Everybody knows that all advertising on television and in newspapers and magazines is regulated by the Advertising Standards Authority (ASA).
It’s been going on for decades and has, by and large, ensured that advertisements do exactly what they say on the tin. There has been concern, however, that when it came to the regulation of online advertising, brands choosing to communicate through their websites and social media could say pretty much what they wanted to with no comeback.
The subject was brought to the attention of the authorities in 2005, when a report by the Food Commission named and shamed brands like Chupa Chips, Nesquik and Frosties amid claims that they were ‘pushing’ their wares to unsuspecting children with such claims as lollipops were ‘good for you’ and give your ‘brain a boost’. Sustain, the children’s food charity, took the criticism of the ASA further still, describing the lack of response as scandalous.
The watchdog has long been aware of the criticism and revealed that two thirds of all advertising complaints were about digital advertising, but acknowledged that it could do little in the circumstances as online advertising fell outside its remit. However, things are now set to change: from 1 March, 2011, the ASA will be able to tackle these issues when it gains the power to challenge ‘marketing communication’. Websites will therefore have to take equal care to ensure their advertising is accurate and not misleading.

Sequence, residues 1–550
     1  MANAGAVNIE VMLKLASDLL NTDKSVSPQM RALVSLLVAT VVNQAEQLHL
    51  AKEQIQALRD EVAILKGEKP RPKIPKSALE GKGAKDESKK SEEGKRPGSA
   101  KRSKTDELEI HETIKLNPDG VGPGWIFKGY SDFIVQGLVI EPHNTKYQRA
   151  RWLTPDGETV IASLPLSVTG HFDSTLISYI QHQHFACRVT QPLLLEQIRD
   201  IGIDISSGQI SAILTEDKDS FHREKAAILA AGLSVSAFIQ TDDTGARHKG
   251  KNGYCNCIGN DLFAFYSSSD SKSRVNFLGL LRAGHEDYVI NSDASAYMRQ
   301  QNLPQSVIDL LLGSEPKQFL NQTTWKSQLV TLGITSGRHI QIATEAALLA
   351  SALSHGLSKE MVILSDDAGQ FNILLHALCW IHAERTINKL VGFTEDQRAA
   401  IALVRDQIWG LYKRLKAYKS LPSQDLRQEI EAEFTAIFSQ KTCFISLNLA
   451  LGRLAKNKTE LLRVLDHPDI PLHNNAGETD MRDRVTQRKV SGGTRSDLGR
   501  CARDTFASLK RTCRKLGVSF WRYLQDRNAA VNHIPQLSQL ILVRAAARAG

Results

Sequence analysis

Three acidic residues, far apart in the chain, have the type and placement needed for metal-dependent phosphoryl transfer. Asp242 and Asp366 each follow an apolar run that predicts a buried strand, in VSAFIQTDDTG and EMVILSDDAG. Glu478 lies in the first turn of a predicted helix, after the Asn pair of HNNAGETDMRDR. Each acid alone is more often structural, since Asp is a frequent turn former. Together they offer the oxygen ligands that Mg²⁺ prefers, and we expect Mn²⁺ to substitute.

The new powers are a little vague, as is the case with most legislation, but the ASA has released some guidelines to clarify what these changes will mean.
- ‘Marketing communication’
‘Marketing communication’ is defined as any type of communication for goods, a service, opportunity or gift.
- What new sanctions can the ASA apply for non-compliant advertisers?
The primary concern is not to punish advertisers, but the new sanctions include:
- An enhanced name and shame policy, providing details of any complaint and the action taken on a new section of the ASA website.
- The removal of paid-for–search advertising (ads that link to page hosting the non-compliant materials) with the agreement of the search engines.
- The ASA will issue paid-for-search advertisements online to highlight an advertisers’ continued non-compliance.
- The ASA will issue a press and poster campaign to highlight the March 1 deadline.
It needs pointing out that these new regulations will apply not only to .co.uk websites, but will also cover advertising on .com websites: in other words organisations from home or abroad who market communications both on their own sites and also in other non-paid-for space online under their control, such as branded Facebook and Twitter pages.